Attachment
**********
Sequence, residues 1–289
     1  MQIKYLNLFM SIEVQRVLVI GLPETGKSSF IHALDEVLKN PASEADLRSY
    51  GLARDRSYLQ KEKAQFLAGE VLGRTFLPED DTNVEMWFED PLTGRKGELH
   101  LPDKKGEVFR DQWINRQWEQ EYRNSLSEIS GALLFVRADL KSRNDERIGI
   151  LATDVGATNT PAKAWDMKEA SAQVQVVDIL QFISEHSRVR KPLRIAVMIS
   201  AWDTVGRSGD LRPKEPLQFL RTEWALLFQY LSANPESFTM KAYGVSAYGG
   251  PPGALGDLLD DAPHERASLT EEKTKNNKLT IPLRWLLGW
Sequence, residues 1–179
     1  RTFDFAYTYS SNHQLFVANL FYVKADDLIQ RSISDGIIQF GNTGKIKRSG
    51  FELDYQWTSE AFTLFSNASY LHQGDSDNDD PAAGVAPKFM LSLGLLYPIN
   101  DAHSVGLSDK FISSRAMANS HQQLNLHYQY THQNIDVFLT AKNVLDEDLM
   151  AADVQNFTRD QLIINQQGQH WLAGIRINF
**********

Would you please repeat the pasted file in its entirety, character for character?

Sequence, residues 1–289
     1  MQIKYLNLFM SIEVQRVLVI GLPETGKSSF IHALDEVLKN PASEADLRSY
    51  GLARDRSYLQ KEKAQFLAGE VLGRTFLPED DTNVEMWFED PLTGRKGELH
   101  LPDKKGEVFR DQWINRQWEQ EYRNSLSEIS GALLFVRADL KSRNDERIGI
   151  LATDVGATNT PAKAWDMKEA SAQVQVVDIL QFISEHSRVR KPLRIAVMIS
   201  AWDTVGRSGD LRPKEPLQFL RTEWALLFQY LSANPESFTM KAYGVSAYGG
   251  PPGALGDLLD DAPHERASLT EEKTKNNKLT IPLRWLLGW
Sequence, residues 1–179
     1  RTFDFAYTYS SNHQLFVANL FYVKADDLIQ RSISDGIIQF GNTGKIKRSG
    51  FELDYQWTSE AFTLFSNASY LHQGDSDNDD PAAGVAPKFM LSLGLLYPIN
   101  DAHSVGLSDK FISSRAMANS HQQLNLHYQY THQNIDVFLT AKNVLDEDLM
   151  AADVQNFTRD QLIINQQGQH WLAGIRINF